Alaska is a great place to practice law
By Lori M. Bodwell
I recently participated in that twice yearly ritual of swearing in new members of the bar.
Even with only two admittees (twice the number we had at the last ceremony), the courtroom was full of relatives, friends, and colleagues. Judge Steinkruger had the honor administering the state oath and Judge Kleinfeld the federal oath.
The speeches were short, not much longer than the state oath itself, with an admitteeís infant son belching loudly in all the right spots. The intimate size crowd allowed for some comments from the admittees before the requisite picture taking and, in a Fairbanks tradition, a reception compliments of Peter Aschenbrenner.
As the last speaker, I was struggling for words as all the previous folks had already repeated the theme of my comments -- Alaska is a great place to practice law. (There was also a prevalent theme about Fairbanks being a great place to practice law, but I will avoid that one here as I want to convey the spirit of unity that exists in the Bar, not cause dissention and conflict.)
The point that each speaker made was that collegiality still exists in Alaska in a profession portrayed publicly more for its backstabbing than its congeniality. By the time the recent admittees receive their 25-year pins, they will likely know of or be acquainted with most people in their class--an impossible feat in other states where thousands of budding lawyers take the bar exam each year. Unlike their counterparts in other states, the new lawyers just admitted in Alaska have immediate opportunities to become involved in state and local bars and, as our bar ages gracefully, to assume leadership positions.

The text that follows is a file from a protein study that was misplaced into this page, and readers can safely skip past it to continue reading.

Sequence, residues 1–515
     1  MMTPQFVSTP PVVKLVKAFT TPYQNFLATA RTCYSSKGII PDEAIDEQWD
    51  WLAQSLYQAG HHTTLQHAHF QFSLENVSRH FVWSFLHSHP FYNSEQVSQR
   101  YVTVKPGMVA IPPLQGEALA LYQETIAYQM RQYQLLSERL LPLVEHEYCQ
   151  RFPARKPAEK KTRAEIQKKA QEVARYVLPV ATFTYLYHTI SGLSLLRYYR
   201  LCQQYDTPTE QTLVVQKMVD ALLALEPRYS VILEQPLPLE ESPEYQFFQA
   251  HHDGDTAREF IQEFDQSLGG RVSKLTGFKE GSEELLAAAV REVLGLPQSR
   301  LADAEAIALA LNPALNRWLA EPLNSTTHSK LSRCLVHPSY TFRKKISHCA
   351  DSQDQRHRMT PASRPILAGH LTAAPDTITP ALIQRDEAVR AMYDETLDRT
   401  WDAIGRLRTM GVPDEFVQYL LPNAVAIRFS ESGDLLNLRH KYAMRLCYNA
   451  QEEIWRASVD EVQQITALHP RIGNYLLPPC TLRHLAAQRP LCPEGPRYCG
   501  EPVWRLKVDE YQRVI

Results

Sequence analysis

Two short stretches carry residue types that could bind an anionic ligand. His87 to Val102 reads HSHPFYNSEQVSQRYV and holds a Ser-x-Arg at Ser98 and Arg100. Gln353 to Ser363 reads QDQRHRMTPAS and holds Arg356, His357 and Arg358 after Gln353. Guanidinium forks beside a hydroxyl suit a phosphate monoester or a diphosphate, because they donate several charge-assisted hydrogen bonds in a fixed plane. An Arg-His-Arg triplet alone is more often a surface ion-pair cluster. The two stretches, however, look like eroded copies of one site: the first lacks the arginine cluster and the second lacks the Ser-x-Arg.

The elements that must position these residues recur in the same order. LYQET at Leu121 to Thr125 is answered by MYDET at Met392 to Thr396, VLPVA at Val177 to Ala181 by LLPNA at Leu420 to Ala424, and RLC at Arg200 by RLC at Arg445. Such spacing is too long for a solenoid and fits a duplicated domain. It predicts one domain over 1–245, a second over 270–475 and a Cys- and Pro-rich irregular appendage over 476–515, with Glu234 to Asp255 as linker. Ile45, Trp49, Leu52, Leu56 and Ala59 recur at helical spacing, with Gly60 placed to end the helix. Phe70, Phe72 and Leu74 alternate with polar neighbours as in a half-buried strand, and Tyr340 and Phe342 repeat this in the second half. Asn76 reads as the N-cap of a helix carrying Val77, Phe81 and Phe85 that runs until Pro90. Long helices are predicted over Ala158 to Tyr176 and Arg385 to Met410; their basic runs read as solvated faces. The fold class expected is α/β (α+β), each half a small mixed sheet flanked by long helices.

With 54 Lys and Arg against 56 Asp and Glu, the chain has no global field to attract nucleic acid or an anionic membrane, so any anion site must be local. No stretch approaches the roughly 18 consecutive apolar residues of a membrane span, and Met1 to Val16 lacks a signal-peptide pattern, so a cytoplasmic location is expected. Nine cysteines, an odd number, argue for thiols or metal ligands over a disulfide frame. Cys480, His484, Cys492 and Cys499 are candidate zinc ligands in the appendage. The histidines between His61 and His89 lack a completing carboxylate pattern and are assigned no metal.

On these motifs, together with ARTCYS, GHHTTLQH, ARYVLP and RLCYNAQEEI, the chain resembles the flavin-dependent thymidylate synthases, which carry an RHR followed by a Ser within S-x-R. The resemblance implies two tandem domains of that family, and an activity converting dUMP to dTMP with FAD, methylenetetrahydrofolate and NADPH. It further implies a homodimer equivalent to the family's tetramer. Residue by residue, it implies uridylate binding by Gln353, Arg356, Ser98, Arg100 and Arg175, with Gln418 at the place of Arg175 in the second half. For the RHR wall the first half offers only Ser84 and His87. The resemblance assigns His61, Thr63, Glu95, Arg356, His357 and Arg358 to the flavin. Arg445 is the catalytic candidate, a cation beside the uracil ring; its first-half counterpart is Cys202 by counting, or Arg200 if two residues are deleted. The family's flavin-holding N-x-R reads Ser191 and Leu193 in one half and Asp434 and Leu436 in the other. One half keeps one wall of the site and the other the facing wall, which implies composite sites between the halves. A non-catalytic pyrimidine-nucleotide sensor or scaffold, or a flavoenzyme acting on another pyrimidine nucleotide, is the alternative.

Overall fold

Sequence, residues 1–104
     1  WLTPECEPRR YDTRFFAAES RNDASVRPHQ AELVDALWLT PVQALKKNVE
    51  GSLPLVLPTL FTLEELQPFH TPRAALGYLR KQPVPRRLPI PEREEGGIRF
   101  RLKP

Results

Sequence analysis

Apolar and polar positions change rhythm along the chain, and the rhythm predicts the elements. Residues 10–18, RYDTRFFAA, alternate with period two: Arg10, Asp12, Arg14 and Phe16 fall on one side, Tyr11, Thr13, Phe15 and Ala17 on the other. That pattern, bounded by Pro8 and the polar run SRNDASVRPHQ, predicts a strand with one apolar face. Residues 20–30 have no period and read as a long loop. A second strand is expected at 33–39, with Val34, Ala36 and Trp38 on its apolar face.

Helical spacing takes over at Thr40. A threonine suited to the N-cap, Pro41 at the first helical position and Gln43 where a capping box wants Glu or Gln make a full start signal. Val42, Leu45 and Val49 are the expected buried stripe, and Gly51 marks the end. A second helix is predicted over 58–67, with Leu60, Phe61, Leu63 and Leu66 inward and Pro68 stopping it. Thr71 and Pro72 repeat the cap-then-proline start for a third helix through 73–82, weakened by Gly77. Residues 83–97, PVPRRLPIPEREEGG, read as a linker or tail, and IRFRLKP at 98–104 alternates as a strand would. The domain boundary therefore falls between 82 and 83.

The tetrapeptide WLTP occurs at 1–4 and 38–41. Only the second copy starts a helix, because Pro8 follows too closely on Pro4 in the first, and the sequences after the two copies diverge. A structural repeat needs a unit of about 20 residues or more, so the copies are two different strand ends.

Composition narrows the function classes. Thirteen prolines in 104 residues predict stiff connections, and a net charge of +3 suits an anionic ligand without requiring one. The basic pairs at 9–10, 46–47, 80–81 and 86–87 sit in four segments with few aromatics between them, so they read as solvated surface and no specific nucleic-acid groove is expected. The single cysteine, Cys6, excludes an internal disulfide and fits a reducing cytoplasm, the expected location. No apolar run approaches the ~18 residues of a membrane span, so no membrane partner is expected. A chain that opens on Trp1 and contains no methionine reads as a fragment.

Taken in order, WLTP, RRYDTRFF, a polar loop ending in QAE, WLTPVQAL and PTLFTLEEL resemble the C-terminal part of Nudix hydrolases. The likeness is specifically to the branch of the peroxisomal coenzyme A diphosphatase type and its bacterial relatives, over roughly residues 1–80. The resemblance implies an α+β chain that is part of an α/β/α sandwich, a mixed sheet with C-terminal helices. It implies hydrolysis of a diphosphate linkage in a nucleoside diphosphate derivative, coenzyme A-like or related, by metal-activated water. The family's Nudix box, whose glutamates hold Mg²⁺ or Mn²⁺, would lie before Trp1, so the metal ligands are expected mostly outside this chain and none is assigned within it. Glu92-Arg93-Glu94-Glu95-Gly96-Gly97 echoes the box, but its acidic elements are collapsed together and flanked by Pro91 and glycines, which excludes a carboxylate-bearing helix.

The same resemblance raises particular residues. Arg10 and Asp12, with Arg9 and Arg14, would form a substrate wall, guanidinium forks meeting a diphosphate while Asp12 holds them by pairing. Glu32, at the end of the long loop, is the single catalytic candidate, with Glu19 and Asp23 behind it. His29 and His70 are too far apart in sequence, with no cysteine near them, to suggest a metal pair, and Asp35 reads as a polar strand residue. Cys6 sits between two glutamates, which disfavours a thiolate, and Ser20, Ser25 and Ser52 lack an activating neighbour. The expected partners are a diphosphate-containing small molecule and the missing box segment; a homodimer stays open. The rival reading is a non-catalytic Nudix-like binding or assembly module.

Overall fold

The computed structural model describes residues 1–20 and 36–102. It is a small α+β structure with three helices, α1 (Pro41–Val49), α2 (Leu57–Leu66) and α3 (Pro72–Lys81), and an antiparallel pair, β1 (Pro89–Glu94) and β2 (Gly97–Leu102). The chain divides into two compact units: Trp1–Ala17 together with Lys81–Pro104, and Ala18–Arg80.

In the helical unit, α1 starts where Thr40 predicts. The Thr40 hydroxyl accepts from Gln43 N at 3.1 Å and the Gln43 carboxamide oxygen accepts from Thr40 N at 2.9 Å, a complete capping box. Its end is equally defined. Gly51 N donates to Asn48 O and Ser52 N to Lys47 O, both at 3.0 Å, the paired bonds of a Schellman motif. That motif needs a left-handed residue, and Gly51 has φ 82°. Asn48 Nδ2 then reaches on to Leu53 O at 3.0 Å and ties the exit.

The new lawyers at the ceremony in Fairbanks were encouraged to reach out to fellow attorneys for advice and guidance as they begin their careers. They were reminded that a phone call and a hand shake can often avoid the costly trip to court. They were reminded that in small towns in a small state, an attorneyís word is a valuable tool that must be guarded. If an attorney is regarded as untrustworthy, or is on the dreaded ìcommunicate with in writing onlyî list, that attorneyís effectiveness is compromised and, ultimately, the client suffers.
Collegiality is not, however, to be confused with the delivery of inferior legal representation, or, as my clients might think, a conspiracy among attorneys. Unlike states with law schools whose bars are often dominated by attorneys from one or a handful of schools, Alaska attracts applicants from all over the country (41 law schools in the recent round of applicants.) The free exchange of ideas through a diverse population in both formal and informal settings keeps the practice of law vibrant in Alaska. The collegiality that remains alive here proves that hard fought courtroom battles need not carry over to bitter personal disputes.
So for all the new admitees, I welcome you to the Alaska Bar and encourage you to take advantage of a good thing. Get involved in the bar, sign up for committees and participate in sections. Come to the annual convention, not just to rack up your CLE credits, but to meet your colleagues and foster that small bar feeling that makes Alaska a great place to practice law.
The opportunities are endless. This is your bar; its future is what you make it.
The author is president of the Alaska Bar Association